Sunday, October 12, 2014

Captain, My Captain! A 100 Mile Tandem Jaunt with Chris Kostman

Tandem Century with Chris Kostman
Oh where to begin. Well, let me try it this way. During my last stay in Boston, my friend Chris Kostman came over to visit from LA and we rode 100 miles together on a tandem bicycle. Though I know Chris through the bicycle industry (he is a race organiser, ultra cyclist, and owner of AdventureCORPS), prior to this visit we had never actually cycled together, spending our time instead walking the stuffy hallways of bike show venues. 

Tandem Century with Chris Kostman
Admittedly, we make an unlikely pair. He: an outrageously athletic, squeaky clean, slightly weathered Californian golden boy, who says things like "shades" (instead of sunglasses), and "bogus," with a straight face. Me: a pallid, shoulder-shrugging New England-Euro hybrid who speaks with an indeterminable accent and shows up to dinner in tattered mismatched ensembles. And yet, somehow we click. We click in an easy, unforced sort of way that has kept the friendship going for more than 4 years now, despite the distance and the infrequent meetings. 


Chris Kostman at the Ride Studio Cafe
Okay, so that all sounds very nice. But why meet now, and why the tandem ride? Ah. Well now we approach the essence of the story. So you see, this one time we were talking on the phone and somehow the idea came up that wouldn't it be nice to ride Paris-Brest-Paris together, on tandem. I forgot who said it first. But this detail is less important than what happened next: The other person didn't laugh, but instead was silent for a few seconds and then declared it a marvelous idea. There was only one problem. Well, okay, a whole slew of problems, but in the interest of time I will limit myself to the crucial few. For one thing, I was now living in Ireland and Chris in California, so we couldn't exactly train together. Neither of us had completed a ride longer than 200 miles in recent years (okay, so in my case never, though Chris used to do things like RAAM back in the day). And finally, we had never cycled together. After some level-headed discussion, we decided that none of the obstacles were necessarily unsurmountable. But that before we went any further in our Parisio-Brestian fantasies, we should at least find out whether we're tandem-compatible. Given that I was already planning a trip to Boston and Chris would be nearby for a racing event around the same time, we decided to meet up especially for this purpose.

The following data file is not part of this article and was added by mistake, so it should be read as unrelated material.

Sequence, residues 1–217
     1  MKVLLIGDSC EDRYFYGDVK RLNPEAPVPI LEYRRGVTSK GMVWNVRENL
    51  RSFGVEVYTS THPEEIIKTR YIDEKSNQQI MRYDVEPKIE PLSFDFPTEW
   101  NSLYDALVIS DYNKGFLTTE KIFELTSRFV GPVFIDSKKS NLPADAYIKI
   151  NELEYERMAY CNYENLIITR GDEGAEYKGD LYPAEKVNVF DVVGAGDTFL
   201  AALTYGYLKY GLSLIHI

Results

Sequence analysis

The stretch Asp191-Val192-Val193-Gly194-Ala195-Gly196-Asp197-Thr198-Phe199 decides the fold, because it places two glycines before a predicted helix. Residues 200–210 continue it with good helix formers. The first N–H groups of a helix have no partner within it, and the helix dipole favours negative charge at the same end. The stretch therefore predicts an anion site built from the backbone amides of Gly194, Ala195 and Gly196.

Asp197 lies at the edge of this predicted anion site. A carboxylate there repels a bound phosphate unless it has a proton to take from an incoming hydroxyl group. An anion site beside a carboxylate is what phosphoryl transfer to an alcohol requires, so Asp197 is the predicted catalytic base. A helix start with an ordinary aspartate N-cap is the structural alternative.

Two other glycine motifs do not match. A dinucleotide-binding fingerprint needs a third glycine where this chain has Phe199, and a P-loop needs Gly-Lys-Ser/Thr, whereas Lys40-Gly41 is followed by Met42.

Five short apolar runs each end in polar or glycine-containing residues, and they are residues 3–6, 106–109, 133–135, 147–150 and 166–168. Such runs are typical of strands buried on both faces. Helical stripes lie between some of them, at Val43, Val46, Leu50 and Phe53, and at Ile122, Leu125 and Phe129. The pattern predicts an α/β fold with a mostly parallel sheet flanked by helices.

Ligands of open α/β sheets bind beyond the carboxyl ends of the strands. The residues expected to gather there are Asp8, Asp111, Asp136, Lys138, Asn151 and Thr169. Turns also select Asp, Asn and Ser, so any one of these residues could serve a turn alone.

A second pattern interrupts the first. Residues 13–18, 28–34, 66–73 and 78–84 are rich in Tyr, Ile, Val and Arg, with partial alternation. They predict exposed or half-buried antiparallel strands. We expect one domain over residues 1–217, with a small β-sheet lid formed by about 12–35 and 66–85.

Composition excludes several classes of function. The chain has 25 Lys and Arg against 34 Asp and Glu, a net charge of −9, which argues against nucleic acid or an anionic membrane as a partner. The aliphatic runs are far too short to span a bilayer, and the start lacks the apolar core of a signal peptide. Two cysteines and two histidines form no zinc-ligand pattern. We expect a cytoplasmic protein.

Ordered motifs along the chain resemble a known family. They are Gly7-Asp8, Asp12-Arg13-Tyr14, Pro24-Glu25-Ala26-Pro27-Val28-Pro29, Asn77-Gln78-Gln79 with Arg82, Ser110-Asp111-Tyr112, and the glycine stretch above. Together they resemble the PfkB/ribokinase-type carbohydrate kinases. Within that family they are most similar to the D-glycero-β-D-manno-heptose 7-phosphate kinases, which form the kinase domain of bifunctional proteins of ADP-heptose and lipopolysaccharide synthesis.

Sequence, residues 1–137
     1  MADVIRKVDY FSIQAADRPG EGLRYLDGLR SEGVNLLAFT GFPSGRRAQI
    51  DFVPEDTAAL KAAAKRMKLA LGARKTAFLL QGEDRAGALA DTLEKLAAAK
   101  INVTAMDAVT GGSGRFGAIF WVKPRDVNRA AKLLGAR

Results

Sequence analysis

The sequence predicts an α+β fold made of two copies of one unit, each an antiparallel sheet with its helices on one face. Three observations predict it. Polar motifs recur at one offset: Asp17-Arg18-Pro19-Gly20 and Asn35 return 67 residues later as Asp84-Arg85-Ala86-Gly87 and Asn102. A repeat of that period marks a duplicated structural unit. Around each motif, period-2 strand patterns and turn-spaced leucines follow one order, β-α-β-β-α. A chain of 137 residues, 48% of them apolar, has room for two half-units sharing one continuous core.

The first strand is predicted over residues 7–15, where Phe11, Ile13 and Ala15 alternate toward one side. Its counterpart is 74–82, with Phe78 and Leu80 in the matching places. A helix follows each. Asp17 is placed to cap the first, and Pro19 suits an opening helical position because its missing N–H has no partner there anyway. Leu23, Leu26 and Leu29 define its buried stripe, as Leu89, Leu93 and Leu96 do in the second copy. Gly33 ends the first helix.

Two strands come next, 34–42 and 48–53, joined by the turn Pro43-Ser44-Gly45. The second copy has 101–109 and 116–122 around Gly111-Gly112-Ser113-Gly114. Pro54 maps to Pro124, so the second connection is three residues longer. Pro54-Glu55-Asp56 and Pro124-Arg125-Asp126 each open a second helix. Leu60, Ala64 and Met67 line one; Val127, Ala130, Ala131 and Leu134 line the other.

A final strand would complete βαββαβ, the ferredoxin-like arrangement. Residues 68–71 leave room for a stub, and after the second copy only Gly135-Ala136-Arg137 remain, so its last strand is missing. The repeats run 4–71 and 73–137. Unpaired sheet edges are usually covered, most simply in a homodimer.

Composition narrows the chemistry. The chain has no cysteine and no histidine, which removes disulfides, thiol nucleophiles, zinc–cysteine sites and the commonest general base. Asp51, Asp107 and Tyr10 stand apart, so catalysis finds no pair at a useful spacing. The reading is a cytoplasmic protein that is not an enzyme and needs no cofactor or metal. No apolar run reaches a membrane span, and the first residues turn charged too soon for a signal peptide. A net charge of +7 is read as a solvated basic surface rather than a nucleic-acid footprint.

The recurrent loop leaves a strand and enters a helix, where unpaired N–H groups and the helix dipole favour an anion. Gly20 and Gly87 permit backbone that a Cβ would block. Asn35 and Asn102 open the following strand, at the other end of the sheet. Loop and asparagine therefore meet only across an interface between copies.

Tandem Century with Chris Kostman
I asked my former cycling club (which shall always be my cycling club in spirit), the Ride Studio Cafe, whether the demo Seven Cycles tandem they keep in the shop would be available during Chris's visit. It was, and it also happened to fit us both fairly well. 

The day before our big ride we picked up the tandem and took it for a 20 mile shakedown spin. Here I should mention that my previous tandem experiences consisted of this and this. Both were lovely, but short. This shakedown ride would actually be my longest tandem ride to date. By contrast, Chis has over 20 years of experience captaining tandems, which includes setting the 24 hour off-road tandem cycling record in 1990. Like I said, we make an unlikely pair!

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But it hardly seemed that way when we got on the bike and began to pedal together. The novelty of doing bikey things with Chris dominated my impressions of the shakedown ride; we just basically blabbed the entire time with me occasionally interjecting to give directions. I am not sure how much I even noticed the actual bike or thought about our compatibility at this point. But as nothing broke on the bicycle and we didn't bicker, we figured things were looking good for our 100 mile ride. We fiddled with the gears a bit and decided we were all set.